John James Craig married Amanda R. Goodloe December 18, 1855, in Boyle County, Kentucky. The county marriage record for the couple tells us that both were living in Boyle County at the time. The groom was born in Lincoln County and the bride in Madison County. The bride and groom were both 23 years of age.
1855 – Fifty Years – 1905
The Craig Golden Wedding
The Kentucky Advocate, Danville, Boyle County, Kentucky
Wednesday, December 20, 1905
Tuesday, from three o’clock in the afternoon until nine in the evening, Waveland, the Craig homestead, was the scene of an event rare in its occurrence, and beautiful in the observance, when Mr. and Mrs. John J. Craig celebrated the fiftieth anniversary of their marriage. It was at the old Owsley home, now known as the McClain place, near Danville, on December the eighteenth, eighteen hundred and fifty-five, that John J. Craig and Amanda R. Goodloe were married. Fifty years later, after a life of happiness, congeniality and prosperity, blessed with devoted children and grandchildren, this much beloved and greatly blessed couple were spared to commemorate their golden wedding. In response to the bidding hundreds of relatives and friends accepted the opportunity to pay tribute to this lovable couple and rejoice with them in the celebration of an event denoting an epoch of such great import in their lives. The interesting old homestead, erected over a century ago, was most artistically decorated. The walls of the quaint old parlors and halls were draped with garlands of southern smilax and wreaths of holly, mistletoe entwining the chandeliers, and many waxen tapers adding brilliancy to the scene. Mr. and Mrs. Craig received their guests in the west parlors, the bride of fifty years ago wearing a becoming gown of white taffeta silk, trimmed with handsome old point lace, and carried a bouquet of Mareschal Neil roses. The eldest daughter, Mrs. Alex Irvine, was gowned in white voile, trimmed with Duchesse lace, and wore white flowers in her hair. Mrs. Marshall Allen was dressed in blue silk and lace. Miss Craig wore a very elegant costume of gauze, hand-embroidered in gold. Rev. Alex Irvine and Mrs. Irvine, Rev. Marshall Allen and Mrs. Allen, and Miss Craig, and four grandchildren, John Craig Irvine, William Irvine, Louise Irvine and John Craig Allen, composing the immediate family of Mr. and Mrs. Craig were all present, as also was the old family servant, Isaac Fisher, who was Mr. Craig’s footman and rode on the bridal coach.
The supper rooms, three in number, decorated with smilax and holly, were each set with a large center table, with smaller tables distributed around the room. The principal or bride’s table was a reproduction of the original bride’s table, in the center of which was a large design, representing a pagoda, of icing and candies, mounted upon two round cakes. Above this center piece was suspended a marriage bell made of yellow rose buds and presented by Mr. Craig’s associates in the Directory of the Citizen’s National Bank. On this table were several large cakes, a roast pig with the apple in its mouth, and three unique designs – the old log cabin, the old oaken bucket, the flower girl and a guitar and an open music book upon which was inscribed the Wedding March. When Saxton’s orchestra began Mendelssohn’s wedding march, Mr. and Mrs. Craig led the way to the supper room. Seated with them at the bride’s table were Mrs. Fannie Talbott, Mrs. J. T. Fackler, Col. John Cowan, Mr. Ed Samuel – all of whom were present at the marriage of Mr. and Mrs. Craig – Dr. and Mrs. Green Craig, Mrs. Carrie Neale and Mr. Wm. F. Booker. The supper was served in two courses, the old-time way. After the first course a poem, contributed by Mr. J. L. Waggener, Jr., was read by Mr. J. M. Wallace, and during the course of the afternoon and evening similar contributions by Mrs. Emma T. Cecil, Mrs. Marion Green Heizer and Dr. Lewis Barbour, who performed the marriage ceremony in ’55, also were read and very much enjoyed. At the conclusion of the repast all guests joined in singing to the tune of ‘Auld Lang Syne’ a special composition, ‘The Bride and Groom of Fifty Years Ago.’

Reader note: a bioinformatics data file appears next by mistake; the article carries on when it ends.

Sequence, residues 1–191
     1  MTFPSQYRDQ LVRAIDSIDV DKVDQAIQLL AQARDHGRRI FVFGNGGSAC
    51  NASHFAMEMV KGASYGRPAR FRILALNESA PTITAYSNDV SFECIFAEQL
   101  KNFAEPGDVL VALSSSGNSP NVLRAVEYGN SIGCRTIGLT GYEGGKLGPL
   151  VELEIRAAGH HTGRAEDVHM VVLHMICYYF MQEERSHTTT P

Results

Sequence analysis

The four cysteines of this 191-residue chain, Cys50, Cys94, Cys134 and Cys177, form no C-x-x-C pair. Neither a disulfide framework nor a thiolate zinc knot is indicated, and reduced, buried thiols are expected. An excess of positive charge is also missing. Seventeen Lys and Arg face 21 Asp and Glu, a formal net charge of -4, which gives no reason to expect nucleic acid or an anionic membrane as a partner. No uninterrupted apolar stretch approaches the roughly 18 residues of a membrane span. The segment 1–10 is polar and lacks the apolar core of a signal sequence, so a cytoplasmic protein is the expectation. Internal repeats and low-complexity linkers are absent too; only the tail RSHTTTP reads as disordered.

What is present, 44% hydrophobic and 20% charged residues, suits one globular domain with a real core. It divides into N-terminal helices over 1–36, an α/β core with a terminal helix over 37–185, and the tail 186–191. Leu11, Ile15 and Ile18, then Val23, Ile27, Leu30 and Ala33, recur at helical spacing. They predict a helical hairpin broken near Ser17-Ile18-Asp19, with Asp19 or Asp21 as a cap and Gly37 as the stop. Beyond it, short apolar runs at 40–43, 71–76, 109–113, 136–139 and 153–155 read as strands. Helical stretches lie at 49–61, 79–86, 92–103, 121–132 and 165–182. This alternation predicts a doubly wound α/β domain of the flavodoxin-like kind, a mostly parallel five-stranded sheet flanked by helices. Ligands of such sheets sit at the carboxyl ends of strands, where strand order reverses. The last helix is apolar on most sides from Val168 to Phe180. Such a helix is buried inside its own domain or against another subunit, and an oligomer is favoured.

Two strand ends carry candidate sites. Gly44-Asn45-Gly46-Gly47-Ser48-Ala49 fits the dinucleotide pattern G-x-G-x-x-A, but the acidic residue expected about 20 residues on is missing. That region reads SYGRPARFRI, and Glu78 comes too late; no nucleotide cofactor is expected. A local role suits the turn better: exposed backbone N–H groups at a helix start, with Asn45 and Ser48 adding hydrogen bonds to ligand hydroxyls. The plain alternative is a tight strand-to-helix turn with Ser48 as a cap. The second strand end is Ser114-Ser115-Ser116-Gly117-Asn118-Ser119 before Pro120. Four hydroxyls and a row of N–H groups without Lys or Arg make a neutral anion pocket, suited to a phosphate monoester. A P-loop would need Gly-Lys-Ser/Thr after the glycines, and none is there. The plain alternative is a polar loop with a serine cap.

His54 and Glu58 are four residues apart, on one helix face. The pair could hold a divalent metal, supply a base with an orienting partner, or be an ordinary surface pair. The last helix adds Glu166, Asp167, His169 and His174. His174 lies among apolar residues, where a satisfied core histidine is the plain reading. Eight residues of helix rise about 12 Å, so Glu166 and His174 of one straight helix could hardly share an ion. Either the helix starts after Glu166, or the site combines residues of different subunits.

The color scheme of the supper was white and gold, typical of the occasion. The ices were white roses resting on a nest of yellow spun candy, and served on doilies of white and gilt paper. The souvenirs were gilt wishbones, with a small bow of ribbon attached, and a highly-prized memento. It was a card on which were photographs of Mr. and Mrs. Craig, reproduced from daguerreotypes taken soon after their marriage in 1855. The supper, prepared by Kline, of Louisville, was delightful and most bountifully served. The guest book, over which Mrs. J. M. Lee presided, covered with white satin beautifully hand-painted, was a remembrance from Mrs. J. T. Fackler, and upon its pages are recoded the names of all the guests.
Mr. and Mrs. Craig requested that no present be tendered and none was accepted but the guest book and marriage bell of flowers.
The entertainment was one of the most beautiful ever given in Danville, and occasioned, as it was, by a rare event, will be long remembered. Assisting in providing for the comfort and entertain of the guests were Mrs. J. A. Quisenberry, Mrs. J. M. Wallace, Mrs. C. P. Cecil, Jr., and Miss Sue McDowell. Among the visitors from out of town were Mrs. James Edgar, Detroit; Mrs. Carrie Neale, Miss Lizzie Goodloe, Miss Letitia Bullock, Lexington; Dr. Owsley Goodloe, Seymour, Ind.; Dr. and Mrs. Evans, Mr. and Mrs. Phelps, and Mr. and Mrs. Tevis, Richmond; Judge and Mrs. Benton, Winchester; Dr. and Mrs. Green Craig, Chicago; Dr. and Mrs. G. H. Rout and Miss Rout, Versailles; Miss Betty Brent Johnson, Paris; Rev. and Mrs. Frank Clelland, Mercer County; Mrs. Fannie Talbott, Carlisle; Mrs. C. H. Fox, East Orange, NJ; Mrs. Edwards, St. Lewis; Mr. and Mrs. W. F. Booker, Mr. and Mrs. George G. Brown, Mr. and Mrs. Owsley Brown, Miss Elizabeth Brown, Miss Lizzie wood and Dr. F. J. Cheek, Louisville; Mr. and Mrs. J. S. Owsley, Lincoln County; Judge L. L. Lewis, Richmond, VA; Mr. E. D. Samuel, Frankfort; Col. John Cowan, Chattanooga; Mr. and Mrs. D. M. Lackey, Lancaster.